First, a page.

Take a Closer Look at Whether You Have a Valid Power of Attorney in Place
Any responsible person with a comprehensive estate plan in place understands the importance of including among that plan a durable power of attorney. This document allows a designated relative, loved one, or other trusted individual to make decisions regarding your legal or financial affairs on your behalf if you become unable to do so. A recent article published in the New York Times shows, however, that many executed and notarized powers of attorney are not being honored by financial institutions. This can have extremely challenging results when the individual, who at one time granted power of attorney to someone else, has become incapacitated and is unable to understand the consequences of signing a revised document.
Granting someone the power to withdraw funds from your accounts and pay bills on your behalf is a serious decision, requiring a great deal of trust to be placed in the person you choose. The bank to whom a signed and notarized power of attorney is presented also understands the potential risk involved in honoring that document. The bank does not want to be in the position of honoring the power of attorney where it was fraudulently signed, subsequently revoked, or signed by someone lacking the true mental capacity to understand its significance. This could result in the bank being held liable for any funds stolen from the incapacitated person. In reaction to this fear of liability, banks have begun rejecting the power of attorney form being presented to the bank after an older or ill person has become incapable of handling their own finances, insisting instead that the incapacitated person sign the bank’s own version of a power of attorney.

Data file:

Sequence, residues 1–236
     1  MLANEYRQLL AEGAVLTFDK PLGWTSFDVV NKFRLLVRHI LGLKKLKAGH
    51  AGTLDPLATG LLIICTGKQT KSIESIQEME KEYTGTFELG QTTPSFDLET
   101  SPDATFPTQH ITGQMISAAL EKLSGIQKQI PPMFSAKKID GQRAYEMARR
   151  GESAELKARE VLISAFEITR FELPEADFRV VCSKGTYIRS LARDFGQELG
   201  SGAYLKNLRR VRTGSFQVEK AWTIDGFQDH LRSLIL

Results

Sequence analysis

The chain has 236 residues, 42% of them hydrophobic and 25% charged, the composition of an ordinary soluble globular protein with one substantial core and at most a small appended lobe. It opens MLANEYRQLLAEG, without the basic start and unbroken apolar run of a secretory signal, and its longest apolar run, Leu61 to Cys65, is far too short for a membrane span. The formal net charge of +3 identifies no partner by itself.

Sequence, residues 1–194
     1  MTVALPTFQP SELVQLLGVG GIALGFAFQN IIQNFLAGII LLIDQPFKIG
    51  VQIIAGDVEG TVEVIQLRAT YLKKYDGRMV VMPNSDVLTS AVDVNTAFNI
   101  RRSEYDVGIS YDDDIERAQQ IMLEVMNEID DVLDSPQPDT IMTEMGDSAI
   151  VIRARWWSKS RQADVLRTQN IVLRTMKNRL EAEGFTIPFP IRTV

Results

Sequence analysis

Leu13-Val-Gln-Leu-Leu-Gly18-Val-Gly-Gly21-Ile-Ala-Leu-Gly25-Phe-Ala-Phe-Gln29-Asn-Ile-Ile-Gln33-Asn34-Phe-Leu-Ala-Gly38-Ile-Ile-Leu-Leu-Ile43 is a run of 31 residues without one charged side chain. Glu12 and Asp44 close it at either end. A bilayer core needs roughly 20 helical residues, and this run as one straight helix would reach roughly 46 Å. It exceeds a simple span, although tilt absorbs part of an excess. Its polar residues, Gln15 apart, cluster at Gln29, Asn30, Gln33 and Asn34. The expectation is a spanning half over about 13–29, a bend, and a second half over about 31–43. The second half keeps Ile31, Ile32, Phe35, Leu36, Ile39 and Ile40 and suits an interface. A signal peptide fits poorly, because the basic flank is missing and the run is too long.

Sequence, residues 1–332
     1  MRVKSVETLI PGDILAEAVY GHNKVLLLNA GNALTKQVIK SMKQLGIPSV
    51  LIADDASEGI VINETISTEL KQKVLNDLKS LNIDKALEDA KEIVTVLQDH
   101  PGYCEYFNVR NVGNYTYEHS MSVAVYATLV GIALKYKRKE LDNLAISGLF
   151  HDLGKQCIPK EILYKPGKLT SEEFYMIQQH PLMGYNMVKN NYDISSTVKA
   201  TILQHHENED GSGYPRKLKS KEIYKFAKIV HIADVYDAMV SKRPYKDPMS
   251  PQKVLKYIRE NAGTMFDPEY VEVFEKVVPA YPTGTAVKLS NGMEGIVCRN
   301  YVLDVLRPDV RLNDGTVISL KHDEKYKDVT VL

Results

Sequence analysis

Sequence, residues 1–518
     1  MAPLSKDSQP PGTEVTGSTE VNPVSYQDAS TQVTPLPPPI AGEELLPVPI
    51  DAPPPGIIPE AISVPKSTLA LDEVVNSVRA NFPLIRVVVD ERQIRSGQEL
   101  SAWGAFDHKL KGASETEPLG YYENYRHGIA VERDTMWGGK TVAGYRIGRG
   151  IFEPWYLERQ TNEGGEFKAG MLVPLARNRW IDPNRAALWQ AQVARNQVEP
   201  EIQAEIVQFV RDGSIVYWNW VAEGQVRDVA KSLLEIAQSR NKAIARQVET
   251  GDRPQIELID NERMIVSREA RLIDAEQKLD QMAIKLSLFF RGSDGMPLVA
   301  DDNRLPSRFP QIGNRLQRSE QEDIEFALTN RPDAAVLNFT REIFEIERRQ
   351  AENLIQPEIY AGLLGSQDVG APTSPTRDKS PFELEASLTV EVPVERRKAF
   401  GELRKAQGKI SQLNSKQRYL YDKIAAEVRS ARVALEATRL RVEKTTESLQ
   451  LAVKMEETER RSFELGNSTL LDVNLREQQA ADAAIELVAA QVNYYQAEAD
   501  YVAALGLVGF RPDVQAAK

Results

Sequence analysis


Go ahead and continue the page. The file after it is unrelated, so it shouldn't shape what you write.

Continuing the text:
The idea of requiring a revised power of attorney once a power of attorney becomes necessary to use, however, comes with obvious problems. The individuals entrusted with this power are often at a loss as to how to move forward. If you fear that you or your chosen representative may end up in a similar position in the future, you may want to check now to see if your bank requires that you use a power of attorney of their own creation. That said, be sure to have an attorney review that document before you execute it, as some banks insert language that either weakens the powers granted to the representative, or limits the parties to arbitration rather than allowing them to file a lawsuit should a conflict arise. If you have already had a power of attorney rejected by the bank, all is not lost. A skilled estate planning attorney can often successfully negotiate with the bank on your behalf to have a valid power of attorney accepted where the execution of a new version isn’t an option.
If you are in search of an experienced and compassionate New York attorney to assist with the creation of a power of attorney, trust, will, or full estate plan, contact the Hudson Valley wills and trusts attorneys at Rusk, Wadlin, Heppner & Martuscello for a consultation, in Kingston at 845-331-4100, and in Marlboro at 845-236-4411.